Tripletts bill has already been through a committee and is moving forward.  If you would like to voice your opinion on it I would suggest you contact her, or your alderman if you live in the city or perhaps Lewis Reed, the President of the Board of Alderman.  Their contact information is below:

Alfred Wessels, Jr             13th Ward
Antonio French                     21st Ward            
April Ford-Griffin                   5th Ward
Charles Quincy Troupe              1st Ward
Craig Schmid                         20th Ward
Dionne Flowers                  2nd Ward
Donna Baringer                 16th Ward
Frank Williamson           26th ward
Fred Heitert                           12th Ward
Freeman Bosley, Sr.               3rd Ward
Greg Carter                             27th ward
Jeffrey Boyd                              22nd Ward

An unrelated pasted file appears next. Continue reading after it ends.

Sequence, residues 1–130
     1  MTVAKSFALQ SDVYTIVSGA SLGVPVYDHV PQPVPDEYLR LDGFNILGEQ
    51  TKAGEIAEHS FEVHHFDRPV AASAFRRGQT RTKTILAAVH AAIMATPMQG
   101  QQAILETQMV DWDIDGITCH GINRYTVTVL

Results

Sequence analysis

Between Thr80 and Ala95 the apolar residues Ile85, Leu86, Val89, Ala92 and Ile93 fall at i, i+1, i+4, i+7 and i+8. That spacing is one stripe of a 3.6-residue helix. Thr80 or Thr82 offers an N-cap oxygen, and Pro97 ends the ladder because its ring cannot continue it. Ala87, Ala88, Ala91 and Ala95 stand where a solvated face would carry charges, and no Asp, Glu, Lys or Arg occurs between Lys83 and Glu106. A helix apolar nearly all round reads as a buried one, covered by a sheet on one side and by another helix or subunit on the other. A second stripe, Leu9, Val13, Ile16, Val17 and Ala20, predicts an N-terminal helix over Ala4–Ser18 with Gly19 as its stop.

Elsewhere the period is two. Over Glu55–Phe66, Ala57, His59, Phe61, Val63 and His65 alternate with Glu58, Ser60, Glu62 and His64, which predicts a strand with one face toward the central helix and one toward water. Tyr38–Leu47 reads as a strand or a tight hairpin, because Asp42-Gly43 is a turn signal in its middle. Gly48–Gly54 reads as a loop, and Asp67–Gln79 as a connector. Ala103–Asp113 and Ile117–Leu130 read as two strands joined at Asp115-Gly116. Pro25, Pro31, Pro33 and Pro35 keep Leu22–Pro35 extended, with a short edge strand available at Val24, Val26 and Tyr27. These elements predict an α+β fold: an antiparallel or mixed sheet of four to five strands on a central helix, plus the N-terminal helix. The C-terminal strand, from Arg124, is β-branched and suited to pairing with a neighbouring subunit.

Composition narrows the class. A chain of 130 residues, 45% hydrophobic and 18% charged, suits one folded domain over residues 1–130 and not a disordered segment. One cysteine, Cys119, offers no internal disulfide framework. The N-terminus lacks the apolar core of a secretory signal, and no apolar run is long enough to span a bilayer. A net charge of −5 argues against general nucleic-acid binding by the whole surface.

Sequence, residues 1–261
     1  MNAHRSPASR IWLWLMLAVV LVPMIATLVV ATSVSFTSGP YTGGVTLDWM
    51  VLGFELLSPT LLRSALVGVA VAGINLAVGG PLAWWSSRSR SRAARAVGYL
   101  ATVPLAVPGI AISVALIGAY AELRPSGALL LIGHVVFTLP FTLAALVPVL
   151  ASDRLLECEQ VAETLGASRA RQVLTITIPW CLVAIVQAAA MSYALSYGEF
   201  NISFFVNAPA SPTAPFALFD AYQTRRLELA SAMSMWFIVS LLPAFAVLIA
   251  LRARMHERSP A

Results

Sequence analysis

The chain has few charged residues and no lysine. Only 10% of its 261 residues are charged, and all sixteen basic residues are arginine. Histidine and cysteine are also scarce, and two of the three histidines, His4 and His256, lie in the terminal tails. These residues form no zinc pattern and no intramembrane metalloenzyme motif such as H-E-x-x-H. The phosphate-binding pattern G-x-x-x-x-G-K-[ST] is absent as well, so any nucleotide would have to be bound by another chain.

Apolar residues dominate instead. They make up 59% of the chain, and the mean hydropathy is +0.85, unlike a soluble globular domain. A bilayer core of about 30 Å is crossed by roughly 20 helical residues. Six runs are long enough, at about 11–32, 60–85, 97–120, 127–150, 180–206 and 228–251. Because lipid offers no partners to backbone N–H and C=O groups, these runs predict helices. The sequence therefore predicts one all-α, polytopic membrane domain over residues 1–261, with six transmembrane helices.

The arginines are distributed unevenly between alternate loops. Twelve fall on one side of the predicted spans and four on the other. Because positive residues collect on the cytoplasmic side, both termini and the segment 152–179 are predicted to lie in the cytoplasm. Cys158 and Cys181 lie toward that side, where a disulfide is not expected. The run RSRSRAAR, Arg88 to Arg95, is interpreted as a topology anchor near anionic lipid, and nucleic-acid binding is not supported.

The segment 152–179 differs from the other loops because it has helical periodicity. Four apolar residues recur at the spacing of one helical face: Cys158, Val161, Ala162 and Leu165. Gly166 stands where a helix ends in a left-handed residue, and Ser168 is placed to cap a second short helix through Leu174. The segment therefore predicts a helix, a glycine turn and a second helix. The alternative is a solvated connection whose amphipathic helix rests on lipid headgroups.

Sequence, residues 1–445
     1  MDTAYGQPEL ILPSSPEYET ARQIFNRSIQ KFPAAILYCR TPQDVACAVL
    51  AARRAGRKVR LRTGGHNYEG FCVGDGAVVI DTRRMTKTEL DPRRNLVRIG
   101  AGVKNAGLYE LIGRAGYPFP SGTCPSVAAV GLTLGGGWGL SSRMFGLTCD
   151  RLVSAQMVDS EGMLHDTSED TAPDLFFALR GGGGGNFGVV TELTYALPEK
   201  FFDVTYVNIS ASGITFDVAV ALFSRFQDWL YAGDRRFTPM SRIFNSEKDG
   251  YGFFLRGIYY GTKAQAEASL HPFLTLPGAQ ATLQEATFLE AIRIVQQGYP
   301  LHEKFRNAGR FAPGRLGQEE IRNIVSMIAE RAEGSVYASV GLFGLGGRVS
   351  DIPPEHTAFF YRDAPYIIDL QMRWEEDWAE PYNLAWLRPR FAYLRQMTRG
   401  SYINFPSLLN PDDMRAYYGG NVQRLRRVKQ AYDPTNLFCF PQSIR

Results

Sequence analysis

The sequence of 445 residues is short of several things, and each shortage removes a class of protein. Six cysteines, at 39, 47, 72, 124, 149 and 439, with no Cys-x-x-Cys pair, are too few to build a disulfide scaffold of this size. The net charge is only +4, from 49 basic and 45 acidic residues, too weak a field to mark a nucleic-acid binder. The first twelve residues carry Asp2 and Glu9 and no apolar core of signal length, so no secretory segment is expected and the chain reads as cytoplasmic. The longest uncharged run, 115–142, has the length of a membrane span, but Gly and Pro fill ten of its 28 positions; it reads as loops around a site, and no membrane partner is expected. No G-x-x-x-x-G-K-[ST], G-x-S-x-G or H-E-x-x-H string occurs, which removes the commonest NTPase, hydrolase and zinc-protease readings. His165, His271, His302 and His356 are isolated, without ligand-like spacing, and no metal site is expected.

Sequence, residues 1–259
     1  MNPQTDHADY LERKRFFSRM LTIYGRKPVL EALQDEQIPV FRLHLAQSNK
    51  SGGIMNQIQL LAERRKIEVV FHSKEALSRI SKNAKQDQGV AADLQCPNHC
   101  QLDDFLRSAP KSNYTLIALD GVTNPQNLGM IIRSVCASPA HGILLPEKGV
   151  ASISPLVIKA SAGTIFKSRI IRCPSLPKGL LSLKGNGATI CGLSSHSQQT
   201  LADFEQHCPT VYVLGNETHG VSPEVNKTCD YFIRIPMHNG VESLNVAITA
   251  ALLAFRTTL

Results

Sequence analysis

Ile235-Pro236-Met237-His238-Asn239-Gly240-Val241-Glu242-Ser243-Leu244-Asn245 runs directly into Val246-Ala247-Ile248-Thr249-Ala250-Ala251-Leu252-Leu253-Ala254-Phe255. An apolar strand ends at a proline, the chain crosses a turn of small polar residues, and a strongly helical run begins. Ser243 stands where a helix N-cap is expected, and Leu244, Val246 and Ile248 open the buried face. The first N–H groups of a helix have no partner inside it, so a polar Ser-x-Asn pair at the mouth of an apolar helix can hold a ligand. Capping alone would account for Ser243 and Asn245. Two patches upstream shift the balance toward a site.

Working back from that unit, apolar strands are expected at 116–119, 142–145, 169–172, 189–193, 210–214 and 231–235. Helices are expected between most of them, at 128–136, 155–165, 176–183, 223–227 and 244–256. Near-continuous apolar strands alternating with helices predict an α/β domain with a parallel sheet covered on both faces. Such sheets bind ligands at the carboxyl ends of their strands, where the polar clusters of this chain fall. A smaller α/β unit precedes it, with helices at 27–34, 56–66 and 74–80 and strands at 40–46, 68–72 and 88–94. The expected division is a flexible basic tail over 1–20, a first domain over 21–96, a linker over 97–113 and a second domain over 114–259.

Jennifer Florida                      15th Ward
Joe Vaccaro                           23rd Ward
Joseph Roddy                          17th ward
Joseph Vollmer                    10th Ward
Kacie Starr Triplett              6th Ward
Ken Ortmann                     9th Ward
Lewis Reed                                  President
Lyda Krewson                     28th Ward
Marlene Davis                      19th Ward
Matt Villa                                     11th Ward
Phyllis Young                          7th Ward
Samuel Moore                      4th Ward
Shane Cohn                                25th Ward
Stephen Conway               8th Ward
Steve Gregali                         14th Ward
Terry Kennedy                  18th ward
William Waterhouse 24th Ward